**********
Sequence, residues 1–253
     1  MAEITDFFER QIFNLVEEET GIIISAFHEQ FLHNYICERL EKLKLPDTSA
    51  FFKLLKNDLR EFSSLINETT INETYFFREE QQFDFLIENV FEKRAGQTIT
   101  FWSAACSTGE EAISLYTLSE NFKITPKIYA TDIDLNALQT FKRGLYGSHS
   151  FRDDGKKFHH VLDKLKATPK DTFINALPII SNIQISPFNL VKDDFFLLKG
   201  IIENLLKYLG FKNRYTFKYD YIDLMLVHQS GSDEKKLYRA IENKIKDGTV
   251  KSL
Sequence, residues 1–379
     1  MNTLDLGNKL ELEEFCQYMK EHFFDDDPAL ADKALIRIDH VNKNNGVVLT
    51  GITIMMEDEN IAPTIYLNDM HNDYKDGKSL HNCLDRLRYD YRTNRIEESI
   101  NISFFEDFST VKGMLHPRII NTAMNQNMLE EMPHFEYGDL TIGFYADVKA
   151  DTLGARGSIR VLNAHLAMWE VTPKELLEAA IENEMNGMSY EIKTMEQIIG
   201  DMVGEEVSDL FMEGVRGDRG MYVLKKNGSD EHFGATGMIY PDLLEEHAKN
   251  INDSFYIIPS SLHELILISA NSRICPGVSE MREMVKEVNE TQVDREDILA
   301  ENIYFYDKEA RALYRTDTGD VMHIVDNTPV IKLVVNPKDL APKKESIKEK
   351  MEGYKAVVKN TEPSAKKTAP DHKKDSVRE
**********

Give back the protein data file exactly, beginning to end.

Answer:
Sequence, residues 1–253
     1  MAEITDFFER QIFNLVEEET GIIISAFHEQ FLHNYICERL EKLKLPDTSA
    51  FFKLLKNDLR EFSSLINETT INETYFFREE QQFDFLIENV FEKRAGQTIT
   101  FWSAACSTGE EAISLYTLSE NFKITPKIYA TDIDLNALQT FKRGLYGSHS
   151  FRDDGKKFHH VLDKLKATPK DTFINALPII SNIQISPFNL VKDDFFLLKG
   201  IIENLLKYLG FKNRYTFKYD YIDLMLVHQS GSDEKKLYRA IENKIKDGTV
   251  KSL
Sequence, residues 1–379
     1  MNTLDLGNKL ELEEFCQYMK EHFFDDDPAL ADKALIRIDH VNKNNGVVLT
    51  GITIMMEDEN IAPTIYLNDM HNDYKDGKSL HNCLDRLRYD YRTNRIEESI
   101  NISFFEDFST VKGMLHPRII NTAMNQNMLE EMPHFEYGDL TIGFYADVKA
   151  DTLGARGSIR VLNAHLAMWE VTPKELLEAA IENEMNGMSY EIKTMEQIIG
   201  DMVGEEVSDL FMEGVRGDRG MYVLKKNGSD EHFGATGMIY PDLLEEHAKN
   251  INDSFYIIPS SLHELILISA NSRICPGVSE MREMVKEVNE TQVDREDILA
   301  ENIYFYDKEA RALYRTDTGD VMHIVDNTPV IKLVVNPKDL APKKESIKEK
   351  MEGYKAVVKN TEPSAKKTAP DHKKDSVRE